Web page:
Whatever we want to see, we can see. Is Ted Kennedy prince or pirate? Is Bob Knight genius or ogre? We can make arguments. We can argue the Olympic Games. As Roone Arledge insists, for his television work made it so, Americans think of the Olympics as a religious rite. Even as terrorists escaped Munich, even as 11 dead athletes were put in coffins, the Olympics went on. "There is more good here than criminals can erase," said a Japanese coach who woke in the night to the sound of gunshots in the next room.
Is there more good than criminals can erase?
The Olympics are naked politics. It is not Moscow's desire to put on the Olympic Games because it is smitten with the idea of an international sports festival in which peace, brotherhood and lots of sweat replace power, anger and brass knuckles as a way of life. Moscow wants these Olympics so that NBC will carry to the world a thousand pictures of Misha, which is the name of the cute little teddy bear designed as the mascot and symbol of these Games. See the teddy bear, how cute it is? Welcome to Moscow, a teddy bear of a town.
Meanwhile, the Russian grizzly swipes claws of steel across Kabul.
Only hopeless innocents who think of the Olympics as nothing more than two weeks of Jim McKay coming into the living room on the tube can be upset with President Carter's suggestion of a United State boycott of the Moscow Olympics. The athletes wear U.S.A. on their uniforms, they carry the flag, they stand for the national anthem. Corporations pony up big bucks to be sure our boys and girls get all the stuff they need to keep running faster than those Iron Curtain kids, the ones not driving tanks. The Games are not Arledge's religious rite; they are pagan arm-wrestlings for the greater glory of the homeland.
Which is not all bad. Competition begets excellence. But when the competition is perverted, when it becomes a way to pass off a grizzly as a cute little teddy bear, then it is time to say that the available good -- the proof of human majesty made evident by wonderful athletic work -- is not worth consorting with criminals.
"What we should do," a Washington man said yesterday, "is send Bobby Knight to Moscow with our basketball team. Imagine that. A strategic missile right in Moscow."
Another man said, "Better yet, let's have the U.N. debate whether we should send our Olympic team or not. That way, the U.N. can debate Iran, Afghanistan and the Olympics until everyone forgets about all of them."
What we should do is send no American to Moscow for the Olympics.
Leave the teddy bear to play with his tanks.
That proposition was put to Steve Garvey yesterday, the true blue Dodger first baseman having called to promote a TV series he hosts called "Road to Moscow 1980." The series is 30 one-hour shows telling us about the beautiful athletes who have given up their lives for the Olympic dream. Should we, Garvey was asked, even go down that road to Moscow?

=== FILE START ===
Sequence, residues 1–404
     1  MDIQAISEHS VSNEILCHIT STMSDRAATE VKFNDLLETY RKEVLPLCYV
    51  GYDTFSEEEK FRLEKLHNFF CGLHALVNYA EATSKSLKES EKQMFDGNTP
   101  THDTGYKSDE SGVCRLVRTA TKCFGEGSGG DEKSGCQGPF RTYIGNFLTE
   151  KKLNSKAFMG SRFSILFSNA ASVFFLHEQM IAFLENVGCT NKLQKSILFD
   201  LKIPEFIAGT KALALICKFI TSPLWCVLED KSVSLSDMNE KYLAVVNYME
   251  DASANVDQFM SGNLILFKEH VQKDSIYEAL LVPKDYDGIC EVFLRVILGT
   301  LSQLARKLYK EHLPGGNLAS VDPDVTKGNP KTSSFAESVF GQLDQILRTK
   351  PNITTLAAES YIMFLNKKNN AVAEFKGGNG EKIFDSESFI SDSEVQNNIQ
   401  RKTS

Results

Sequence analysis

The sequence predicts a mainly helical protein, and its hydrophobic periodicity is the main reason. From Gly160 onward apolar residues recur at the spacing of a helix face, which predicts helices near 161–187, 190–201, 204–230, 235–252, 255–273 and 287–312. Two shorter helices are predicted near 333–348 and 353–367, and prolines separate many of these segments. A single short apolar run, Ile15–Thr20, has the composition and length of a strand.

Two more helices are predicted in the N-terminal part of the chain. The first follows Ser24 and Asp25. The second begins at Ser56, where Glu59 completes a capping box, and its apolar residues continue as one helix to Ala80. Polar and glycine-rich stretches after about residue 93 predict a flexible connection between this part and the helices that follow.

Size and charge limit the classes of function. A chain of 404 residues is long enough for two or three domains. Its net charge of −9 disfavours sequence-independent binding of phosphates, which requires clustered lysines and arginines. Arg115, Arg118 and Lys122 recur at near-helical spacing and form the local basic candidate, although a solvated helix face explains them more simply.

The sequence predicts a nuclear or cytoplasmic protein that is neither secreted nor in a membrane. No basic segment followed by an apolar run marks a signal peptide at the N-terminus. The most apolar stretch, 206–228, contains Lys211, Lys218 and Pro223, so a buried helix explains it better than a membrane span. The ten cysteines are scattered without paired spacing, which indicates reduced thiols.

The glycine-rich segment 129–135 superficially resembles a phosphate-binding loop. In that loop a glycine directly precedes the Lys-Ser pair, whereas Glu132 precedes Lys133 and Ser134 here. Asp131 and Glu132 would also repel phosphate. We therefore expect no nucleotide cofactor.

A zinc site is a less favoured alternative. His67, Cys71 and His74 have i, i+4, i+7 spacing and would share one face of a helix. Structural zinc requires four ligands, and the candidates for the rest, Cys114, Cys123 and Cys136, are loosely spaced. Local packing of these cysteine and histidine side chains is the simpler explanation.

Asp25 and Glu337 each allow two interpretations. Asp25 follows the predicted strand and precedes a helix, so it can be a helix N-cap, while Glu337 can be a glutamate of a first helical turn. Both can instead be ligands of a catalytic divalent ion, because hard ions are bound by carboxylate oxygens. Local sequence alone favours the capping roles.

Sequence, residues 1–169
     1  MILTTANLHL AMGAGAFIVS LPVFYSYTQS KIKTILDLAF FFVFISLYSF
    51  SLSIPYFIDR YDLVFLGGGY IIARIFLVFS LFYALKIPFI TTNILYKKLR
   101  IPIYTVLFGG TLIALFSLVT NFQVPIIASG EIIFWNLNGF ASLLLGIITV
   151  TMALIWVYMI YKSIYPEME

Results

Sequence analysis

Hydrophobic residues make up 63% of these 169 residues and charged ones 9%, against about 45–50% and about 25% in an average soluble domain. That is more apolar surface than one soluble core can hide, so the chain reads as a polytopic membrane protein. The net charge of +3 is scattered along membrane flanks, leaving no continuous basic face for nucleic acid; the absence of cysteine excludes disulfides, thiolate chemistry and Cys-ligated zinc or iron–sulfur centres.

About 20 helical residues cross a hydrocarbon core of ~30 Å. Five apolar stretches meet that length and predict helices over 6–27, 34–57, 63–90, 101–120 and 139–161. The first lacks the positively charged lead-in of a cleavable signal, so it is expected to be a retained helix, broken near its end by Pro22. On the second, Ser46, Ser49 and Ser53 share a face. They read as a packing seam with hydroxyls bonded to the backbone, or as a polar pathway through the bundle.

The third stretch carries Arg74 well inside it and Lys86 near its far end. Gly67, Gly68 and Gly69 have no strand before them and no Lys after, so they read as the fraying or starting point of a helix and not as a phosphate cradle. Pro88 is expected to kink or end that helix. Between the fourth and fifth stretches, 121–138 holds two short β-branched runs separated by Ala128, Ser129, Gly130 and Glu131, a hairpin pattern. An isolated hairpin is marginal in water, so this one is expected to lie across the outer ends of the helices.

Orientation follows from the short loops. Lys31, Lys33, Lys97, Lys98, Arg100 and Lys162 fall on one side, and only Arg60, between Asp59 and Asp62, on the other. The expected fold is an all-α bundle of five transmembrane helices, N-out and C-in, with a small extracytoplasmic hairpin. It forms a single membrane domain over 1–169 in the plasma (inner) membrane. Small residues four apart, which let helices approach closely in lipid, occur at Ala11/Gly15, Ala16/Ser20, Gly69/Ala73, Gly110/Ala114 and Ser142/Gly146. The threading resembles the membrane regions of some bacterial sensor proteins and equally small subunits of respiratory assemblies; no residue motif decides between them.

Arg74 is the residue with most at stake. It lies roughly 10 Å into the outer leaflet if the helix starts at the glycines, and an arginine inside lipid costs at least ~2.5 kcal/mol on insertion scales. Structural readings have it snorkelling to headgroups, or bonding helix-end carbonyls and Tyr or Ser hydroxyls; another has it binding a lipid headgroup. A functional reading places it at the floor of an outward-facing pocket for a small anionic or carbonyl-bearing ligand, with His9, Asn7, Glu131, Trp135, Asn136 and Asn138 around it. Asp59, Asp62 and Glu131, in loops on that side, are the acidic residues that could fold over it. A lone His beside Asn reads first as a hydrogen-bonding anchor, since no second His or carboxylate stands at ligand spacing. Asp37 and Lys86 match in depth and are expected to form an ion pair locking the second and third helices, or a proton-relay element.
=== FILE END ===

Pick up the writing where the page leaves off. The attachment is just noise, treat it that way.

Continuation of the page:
"If I hadn't done this series," Garvey said, "I'd probably say the same thing you're saying: Just drop out. But I've been too close to all these athletes, some of whom have been affected by politics already and have fought back. Dwight Stones, Kate Schmidt, Jane Frederick.
"All they want to do is compete. They're not dealing here with something that happens every four years for them. This is their life. They have given up careers, given up their homes and families. To say, all of a sudden, 'Hey, no Moscow, you're not going to Moscow,' that would be tough."
As President Carter has implied by only suggesting a boycott and not requesting it from the U.S. Olympic Committee, Garvey wants to wait and see what the Russian grizzly does next.
"If the Russians continue to be aggressive, there'll be no recourse except to boycott," Garvey said. "But the Olmpics are very important to them. For a communist country, this is the time to impress.They've spent millions and they'll make millions, so I think they'll fall short of trying anything else that offends people."
Which brings up the question: When tanks roll over a free country, do we need more reason to say we won't come play in the tank drivers' backyard? But before that question could be asked, Garvey was saying a thing that made his listener gulp.
"Three things unify this country," he said."Two things happen this year. The political elections. People rally together to elect a president. The second is the Olympics. This is a chance for our country to go against the world. We can maintain prestige."
And what, we asked, expecting Garvey to say something like "the World Series, you dummy," is that third unifying event?
"The other thing we don't want to happen. A world war."
It requires extraordinary mental agility to make the leap from an Olympic boycott to World War III. The distance is shortened, of course, if we believe an Olympic boycott would be the freezing point of a new cold war. And Garvey, to name one American, thinks such a boycott might produce cold-war situations.
"If you boycott 1980 in Moscow, there's a good chance the Russians will do the reverse in 1984 in Los Angeles," he said. "The Russians would be saying, 'If you don't come to our Games, we won't come to yours.' The Olympics could be decimated."
Which may not be such a bad idea. The Games are too important, too political, too much a weapon and not enough a dream. Break them up. Have 20 championships at the same time in different places around the world. Take the runners to Paris, the basketball players to Kentucky, the boxers to Sydney. Leave the flags at home.